For a few blessed days it was above 45 degrees here in beautiful Washington. I basked in the sweet smell of spring that seemed to hover in the air. Rain fell, but it was a soft rain. The kind that brings thoughts of gardens and flowers and green leaves.
And then winter returned.
I wonder if the robins that have been hopping around in the yard are as shell shocked as I am.
At least the quail are happy. They've been running around the yard. One in particular always makes me smile. He seems happy to be with his buddies, but happier still to find food. Often, the covey of quail will be in the neighbor's yard. Then, as if all are wondering about the grass being greener on the other side, they'll run in mass toward the fence, quickly ducking under it. All except for my favorite little guy. He runs just a little slower, arrives at the fence just a little after everyone else. Then he tries to squeeze underneath. Oh, how he tries. Pushing his cute little head under, realizing that he can't proceed, backing up and trying again. Only to finally understand that he simply cannot squeeze beneath. Suddenly, he'll hop from the ground, spread his wings, soar for just a moment before he lands on the other side.
I've seen the quail do this a half a dozen times since we moved to Spokane. Sometimes I think the poor bird is a little dense. I mean, he's tried six times and hasn't made it under yet. Other times, I think he's foolish. What if a cat were coming? Would he still try to go under the fence or would he immediately spread his wings and fly. Most of the time, though, I admire his pluck. Failing once hasn't kept him from trying again. To him, getting under the fence has never ceased to be a possibility. Trying and failing only gives him more impetus to try again.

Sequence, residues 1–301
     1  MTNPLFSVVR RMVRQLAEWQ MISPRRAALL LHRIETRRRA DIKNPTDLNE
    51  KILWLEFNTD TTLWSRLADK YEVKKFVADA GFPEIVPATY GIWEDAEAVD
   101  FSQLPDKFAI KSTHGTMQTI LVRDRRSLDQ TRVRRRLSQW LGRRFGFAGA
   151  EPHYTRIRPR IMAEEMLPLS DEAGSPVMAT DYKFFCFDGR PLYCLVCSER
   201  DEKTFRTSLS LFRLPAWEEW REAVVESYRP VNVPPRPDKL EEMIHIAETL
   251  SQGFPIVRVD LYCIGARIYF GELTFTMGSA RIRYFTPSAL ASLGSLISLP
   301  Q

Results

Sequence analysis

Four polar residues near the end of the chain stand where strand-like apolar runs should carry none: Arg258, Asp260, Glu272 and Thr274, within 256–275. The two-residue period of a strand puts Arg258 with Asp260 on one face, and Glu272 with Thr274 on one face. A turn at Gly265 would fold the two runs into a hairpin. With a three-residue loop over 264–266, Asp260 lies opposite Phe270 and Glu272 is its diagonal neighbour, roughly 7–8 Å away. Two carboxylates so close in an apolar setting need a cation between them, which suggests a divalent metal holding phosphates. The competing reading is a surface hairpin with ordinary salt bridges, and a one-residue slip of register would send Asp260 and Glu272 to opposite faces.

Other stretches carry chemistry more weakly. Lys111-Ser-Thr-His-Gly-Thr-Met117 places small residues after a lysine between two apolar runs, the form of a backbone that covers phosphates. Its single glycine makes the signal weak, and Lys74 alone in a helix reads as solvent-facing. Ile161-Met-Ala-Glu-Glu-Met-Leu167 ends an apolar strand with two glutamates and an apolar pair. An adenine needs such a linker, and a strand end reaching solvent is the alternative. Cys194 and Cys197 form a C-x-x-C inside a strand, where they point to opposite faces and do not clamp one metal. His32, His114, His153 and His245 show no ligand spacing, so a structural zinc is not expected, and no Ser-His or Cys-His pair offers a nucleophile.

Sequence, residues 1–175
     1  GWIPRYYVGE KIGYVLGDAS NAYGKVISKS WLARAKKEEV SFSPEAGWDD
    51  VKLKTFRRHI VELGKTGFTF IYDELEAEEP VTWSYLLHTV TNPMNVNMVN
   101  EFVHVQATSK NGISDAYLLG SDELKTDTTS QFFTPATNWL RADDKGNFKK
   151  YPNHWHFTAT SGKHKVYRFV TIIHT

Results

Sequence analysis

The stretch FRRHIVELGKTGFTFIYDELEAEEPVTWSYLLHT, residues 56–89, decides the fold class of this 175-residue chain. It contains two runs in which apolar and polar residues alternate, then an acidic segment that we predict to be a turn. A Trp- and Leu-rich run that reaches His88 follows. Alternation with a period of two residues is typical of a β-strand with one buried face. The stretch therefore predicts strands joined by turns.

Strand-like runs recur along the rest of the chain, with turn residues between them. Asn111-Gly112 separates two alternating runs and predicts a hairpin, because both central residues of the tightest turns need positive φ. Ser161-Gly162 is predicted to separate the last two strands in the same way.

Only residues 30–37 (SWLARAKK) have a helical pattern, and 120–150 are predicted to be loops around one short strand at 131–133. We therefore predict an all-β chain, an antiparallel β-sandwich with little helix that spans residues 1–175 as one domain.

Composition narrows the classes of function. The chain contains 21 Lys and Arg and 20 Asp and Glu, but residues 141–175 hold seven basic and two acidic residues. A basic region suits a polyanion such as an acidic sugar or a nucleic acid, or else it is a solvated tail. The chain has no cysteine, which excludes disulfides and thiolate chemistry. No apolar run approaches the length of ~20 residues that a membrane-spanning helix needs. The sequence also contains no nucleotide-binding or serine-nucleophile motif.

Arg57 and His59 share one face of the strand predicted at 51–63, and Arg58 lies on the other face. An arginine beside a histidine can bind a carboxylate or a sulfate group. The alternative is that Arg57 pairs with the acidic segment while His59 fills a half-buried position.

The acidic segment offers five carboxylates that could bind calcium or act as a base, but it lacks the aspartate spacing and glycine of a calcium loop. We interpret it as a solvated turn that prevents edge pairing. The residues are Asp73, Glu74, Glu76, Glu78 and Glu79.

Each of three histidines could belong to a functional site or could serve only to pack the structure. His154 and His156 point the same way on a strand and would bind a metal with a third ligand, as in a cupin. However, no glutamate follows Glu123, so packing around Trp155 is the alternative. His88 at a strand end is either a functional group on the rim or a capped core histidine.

And who knows? Maybe one day he'll make it under that fence. I can almost see him now, strutting his stuff through our winter-barren garden, his feathers fluffed and his head high.
If only I could so clearly see my own failures as opportunities to persist. If only I could believe as strongly as that pint sized bird that anything is possible. Animals are not capable of faith, but they are capable of persistence. Why is it that we humans, who have faith opened up to us, are so quick to see failure as the end of the road rather than the beginning of another chance?